Kevin Bocek, VP of security strategy and threat intelligence, Venafi, explains how cloud complexity and multicloud is increasing the number of outages.
Spotify users recently experienced an event that is becoming all-too familiar to digital consumers. They were left unable to listen to their favourite podcasts for hours after an TLS certificate at the streaming giant expired. Although certificates, or ‘machine identities’, like these are intended to provide a backbone of trust across the online world, they are also increasingly challenging for organisations to manage. Digital transformation is driving an unprecedented expansion of machine identity volumes across the globe. That’s bad news for the security teams tasked with managing them. When even one expires, it can lead to chaos.
Spotify is certainly not the first big-name brand impacted in this way. And it definitely won’t be the last. The message is clear: brands need a more efficient, automated way to manage these identities if they want to optimise cybersecurity and service uptime.
An expensive challenge
While human identity is authenticated and secured via usernames and passwords, machine identities use keys and certificates to validate the legitimacy of information flowing between authorised machines. They can be used to secure privileged access, DevOps assets and web transactions, authenticate software code, and enable secure, remote access to enterprise networks. But what happens when those identities expire? A certificate-related outage of the sort that recently affected Spotify, creates downtime and security risks until it is resolved.
That could end up having a major financial and reputational impact. Exactly how much is open to debate, as accurate data is difficult to come by. A Gartner study from years ago puts the figure at $5,600 per minute of IT downtime. A more recent study from ITIC claimed that just one hour of server downtime totals $300,000+ for 91% percent of SMEs and large enterprises. Over two-fifths (44%) of respondents said an hour costs over $1m. That’s not to mention the impact of poor customer experience, reduced worker productivity, diminished brand value, supply chain disruption and other factors highlighted in this research.
The bad news is that machine identity management is becoming more challenging for security teams as their organisations embark on a proliferation of digital initiatives. Research reveals that two-thirds (65%) of businesses increased technology spend during the pandemic. They invested in IoT systems to streamline business processes, laptops and mobile devices for hybrid workers, and new internal and customer-facing apps and websites to improve user experiences. In the cloud, containers, APIs and more help to drive DevOps and greater business agility. But all of these new assets need machine identities to help secure them.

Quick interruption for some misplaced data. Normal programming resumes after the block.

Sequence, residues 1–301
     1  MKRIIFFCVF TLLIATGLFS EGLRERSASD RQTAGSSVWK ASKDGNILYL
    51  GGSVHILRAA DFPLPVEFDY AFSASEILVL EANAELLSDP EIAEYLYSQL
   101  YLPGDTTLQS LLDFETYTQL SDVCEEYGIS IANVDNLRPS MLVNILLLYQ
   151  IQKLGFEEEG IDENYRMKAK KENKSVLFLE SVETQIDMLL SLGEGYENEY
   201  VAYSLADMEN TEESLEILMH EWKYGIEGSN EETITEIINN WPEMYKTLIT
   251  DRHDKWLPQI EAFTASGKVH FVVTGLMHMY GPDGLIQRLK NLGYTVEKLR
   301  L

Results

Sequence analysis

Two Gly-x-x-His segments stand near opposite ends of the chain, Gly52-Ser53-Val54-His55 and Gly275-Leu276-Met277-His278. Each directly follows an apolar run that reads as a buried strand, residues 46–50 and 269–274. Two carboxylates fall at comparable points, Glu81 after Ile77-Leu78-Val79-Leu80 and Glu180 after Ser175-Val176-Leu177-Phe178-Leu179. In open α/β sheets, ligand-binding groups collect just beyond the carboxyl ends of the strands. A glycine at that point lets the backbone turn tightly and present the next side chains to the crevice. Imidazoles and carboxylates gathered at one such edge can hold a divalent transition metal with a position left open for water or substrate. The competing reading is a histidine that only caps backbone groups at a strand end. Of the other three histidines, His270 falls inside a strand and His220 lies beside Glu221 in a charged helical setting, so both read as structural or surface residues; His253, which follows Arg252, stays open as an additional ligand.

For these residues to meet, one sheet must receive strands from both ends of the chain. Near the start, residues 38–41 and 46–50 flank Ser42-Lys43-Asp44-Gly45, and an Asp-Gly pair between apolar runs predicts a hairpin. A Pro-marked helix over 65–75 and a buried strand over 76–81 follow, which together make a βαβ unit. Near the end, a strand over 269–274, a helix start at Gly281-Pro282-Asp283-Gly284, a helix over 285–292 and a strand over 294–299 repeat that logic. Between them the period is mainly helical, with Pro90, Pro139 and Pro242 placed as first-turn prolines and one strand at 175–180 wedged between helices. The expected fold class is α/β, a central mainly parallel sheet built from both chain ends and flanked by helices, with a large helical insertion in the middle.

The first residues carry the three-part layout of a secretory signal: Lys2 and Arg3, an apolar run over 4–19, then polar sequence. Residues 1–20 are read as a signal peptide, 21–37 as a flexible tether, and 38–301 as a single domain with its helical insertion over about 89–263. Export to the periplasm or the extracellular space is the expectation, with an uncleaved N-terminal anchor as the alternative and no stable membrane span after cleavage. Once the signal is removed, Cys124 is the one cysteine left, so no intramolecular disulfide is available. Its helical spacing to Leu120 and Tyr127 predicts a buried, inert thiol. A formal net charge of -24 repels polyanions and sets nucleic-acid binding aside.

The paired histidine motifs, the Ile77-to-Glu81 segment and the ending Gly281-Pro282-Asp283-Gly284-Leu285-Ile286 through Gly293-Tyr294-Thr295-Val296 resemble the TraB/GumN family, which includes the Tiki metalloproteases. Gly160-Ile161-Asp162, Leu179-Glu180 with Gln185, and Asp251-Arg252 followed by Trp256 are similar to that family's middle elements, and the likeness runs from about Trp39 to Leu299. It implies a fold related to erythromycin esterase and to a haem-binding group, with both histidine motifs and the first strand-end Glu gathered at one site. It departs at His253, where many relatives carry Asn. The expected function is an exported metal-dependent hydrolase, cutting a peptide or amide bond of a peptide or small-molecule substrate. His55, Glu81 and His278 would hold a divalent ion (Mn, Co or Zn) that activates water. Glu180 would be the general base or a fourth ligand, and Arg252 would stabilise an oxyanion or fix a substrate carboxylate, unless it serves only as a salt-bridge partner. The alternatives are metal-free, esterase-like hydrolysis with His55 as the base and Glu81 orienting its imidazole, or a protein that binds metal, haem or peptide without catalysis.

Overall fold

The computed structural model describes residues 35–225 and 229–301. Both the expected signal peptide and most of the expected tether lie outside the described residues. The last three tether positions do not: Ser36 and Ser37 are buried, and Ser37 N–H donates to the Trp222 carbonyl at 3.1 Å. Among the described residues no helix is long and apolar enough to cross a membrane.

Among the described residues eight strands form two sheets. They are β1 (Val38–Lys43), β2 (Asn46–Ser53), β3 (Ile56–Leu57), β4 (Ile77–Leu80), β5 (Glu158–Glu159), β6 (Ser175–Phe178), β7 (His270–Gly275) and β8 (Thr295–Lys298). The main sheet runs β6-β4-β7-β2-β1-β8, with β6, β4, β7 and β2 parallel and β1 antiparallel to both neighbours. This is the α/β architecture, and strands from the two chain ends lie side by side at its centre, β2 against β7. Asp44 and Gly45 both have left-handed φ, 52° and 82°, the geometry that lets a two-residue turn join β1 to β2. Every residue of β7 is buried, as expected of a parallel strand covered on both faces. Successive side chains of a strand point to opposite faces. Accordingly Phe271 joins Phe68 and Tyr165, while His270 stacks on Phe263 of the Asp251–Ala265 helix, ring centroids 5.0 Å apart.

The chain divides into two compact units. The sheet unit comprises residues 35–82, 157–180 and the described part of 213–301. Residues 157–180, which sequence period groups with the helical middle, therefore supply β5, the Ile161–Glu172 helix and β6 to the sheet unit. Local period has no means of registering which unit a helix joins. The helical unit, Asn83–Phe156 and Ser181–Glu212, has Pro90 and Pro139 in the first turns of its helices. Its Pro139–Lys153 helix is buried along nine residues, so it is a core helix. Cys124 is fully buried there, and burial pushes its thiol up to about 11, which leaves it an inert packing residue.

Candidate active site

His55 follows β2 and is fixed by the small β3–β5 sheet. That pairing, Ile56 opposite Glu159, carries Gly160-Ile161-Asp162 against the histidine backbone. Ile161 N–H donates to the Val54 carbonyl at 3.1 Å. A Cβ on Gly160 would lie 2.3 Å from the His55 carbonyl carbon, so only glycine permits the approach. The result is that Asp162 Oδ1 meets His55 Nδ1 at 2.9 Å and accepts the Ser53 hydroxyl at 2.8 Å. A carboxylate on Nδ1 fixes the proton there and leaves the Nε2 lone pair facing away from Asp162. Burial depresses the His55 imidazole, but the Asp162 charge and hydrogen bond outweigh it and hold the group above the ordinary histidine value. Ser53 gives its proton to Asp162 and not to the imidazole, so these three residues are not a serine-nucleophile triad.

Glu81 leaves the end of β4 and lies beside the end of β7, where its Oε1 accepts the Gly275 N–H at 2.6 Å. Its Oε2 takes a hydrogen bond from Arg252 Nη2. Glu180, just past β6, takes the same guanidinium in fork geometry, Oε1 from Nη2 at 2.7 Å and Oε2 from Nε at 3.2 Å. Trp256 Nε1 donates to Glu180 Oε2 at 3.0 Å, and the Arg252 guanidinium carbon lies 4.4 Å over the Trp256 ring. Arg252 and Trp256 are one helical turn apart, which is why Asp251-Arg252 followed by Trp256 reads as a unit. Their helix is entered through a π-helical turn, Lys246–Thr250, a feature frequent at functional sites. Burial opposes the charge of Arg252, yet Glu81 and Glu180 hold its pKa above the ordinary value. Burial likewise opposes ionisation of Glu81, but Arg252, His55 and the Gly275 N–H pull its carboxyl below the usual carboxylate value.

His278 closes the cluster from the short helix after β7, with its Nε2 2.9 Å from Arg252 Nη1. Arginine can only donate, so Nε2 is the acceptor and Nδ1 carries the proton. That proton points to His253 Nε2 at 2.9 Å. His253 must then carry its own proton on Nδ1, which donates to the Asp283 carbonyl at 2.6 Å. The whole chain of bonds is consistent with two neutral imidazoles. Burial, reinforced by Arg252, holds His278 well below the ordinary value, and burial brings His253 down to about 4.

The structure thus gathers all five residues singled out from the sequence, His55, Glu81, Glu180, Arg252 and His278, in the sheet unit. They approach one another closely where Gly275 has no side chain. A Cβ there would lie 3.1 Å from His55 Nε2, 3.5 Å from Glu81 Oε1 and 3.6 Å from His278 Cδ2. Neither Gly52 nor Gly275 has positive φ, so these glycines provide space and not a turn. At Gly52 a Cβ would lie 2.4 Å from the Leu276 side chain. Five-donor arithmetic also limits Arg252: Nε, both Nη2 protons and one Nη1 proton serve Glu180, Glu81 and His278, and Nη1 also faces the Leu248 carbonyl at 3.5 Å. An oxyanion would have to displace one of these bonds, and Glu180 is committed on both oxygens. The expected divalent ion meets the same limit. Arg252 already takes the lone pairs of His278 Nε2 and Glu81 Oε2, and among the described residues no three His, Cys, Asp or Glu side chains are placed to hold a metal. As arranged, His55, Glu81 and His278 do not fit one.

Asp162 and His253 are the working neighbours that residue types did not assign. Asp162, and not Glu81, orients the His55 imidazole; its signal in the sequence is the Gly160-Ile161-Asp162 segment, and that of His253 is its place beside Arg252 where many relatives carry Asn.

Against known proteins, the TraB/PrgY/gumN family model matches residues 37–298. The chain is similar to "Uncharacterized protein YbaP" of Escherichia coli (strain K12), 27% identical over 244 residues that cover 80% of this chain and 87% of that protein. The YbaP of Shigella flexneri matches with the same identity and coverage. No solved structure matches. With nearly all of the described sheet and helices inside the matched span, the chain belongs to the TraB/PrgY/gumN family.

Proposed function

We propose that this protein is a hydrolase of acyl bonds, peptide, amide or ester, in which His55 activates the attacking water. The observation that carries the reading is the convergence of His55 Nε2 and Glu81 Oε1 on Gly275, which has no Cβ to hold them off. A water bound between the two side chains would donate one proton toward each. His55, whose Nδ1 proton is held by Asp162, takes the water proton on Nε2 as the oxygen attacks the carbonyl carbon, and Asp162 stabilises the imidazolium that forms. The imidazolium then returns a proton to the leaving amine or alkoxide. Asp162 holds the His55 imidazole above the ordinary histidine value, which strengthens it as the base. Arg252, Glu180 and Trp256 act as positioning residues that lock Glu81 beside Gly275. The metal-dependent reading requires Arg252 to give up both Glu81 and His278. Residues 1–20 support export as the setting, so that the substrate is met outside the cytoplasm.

Research reveals that the average business used nearly 250,000 machine identities at the end of 2021. Yet it’s predicted that they’ll double this inventory to at least 500,000 by 2024. With so many certificates to issue and manage, it’s no surprise that some slip through the cracks.
The challenge is made that much harder by separate trends occurring in the marketplace. Leading browsers are demanding that organisations change their machine identities every year, which will accelerate the frequency with which they must rotate certificates. What’s more, Let’s Encrypt, now the world’s leading certificate authority (CA), and many of its peers, are now only issuing machine identities for 90 days. They’re doing this to limit any potential damage from key compromise and mis-issuance. But forcing more frequent renewals makes missed expiration dates more likely. This doesn’t just increase the risk of outages, it can create additional security risks, by exposing websites to man-in-the-middle and phishing attacks.
It’s time to automate
This is a situation that can no longer be managed manually. Even organisations with modest digital transformation plans will soon find the number of keys and certificates they need to keep track of spiralling out of control. The answer is to invest in a control plane which enables automated management of machine identities throughout their lifespan.
There are several ways that intelligent automation of this kind can benefit organisations and their security administrators. First, they can be set to intuitively discover all corporate certs across cloud, virtual and physical assets, and then catalogue them in a centralised repository. That will provide continuous visibility. Next, control tools can be deployed to automatically verify security compliance: ensuring all certificates have the right owners, attributes, and configurations no matter which CA issued them. Finally, and most important for mitigating the risk of expiration, tools can help teams continuously monitor all of their certs, alert them when one is about to expire and even automatically renew.
Being able to install, configure and validate certificates proactively before they expire, and in seconds, not only reduces security risk and the threat of financial and reputational damage that stems from outages. It also frees up security staff to work on high value strategic tasks. In a world where security talent is in increasingly short supply, that’s yet another reason to automate away the challenges of machine identity management.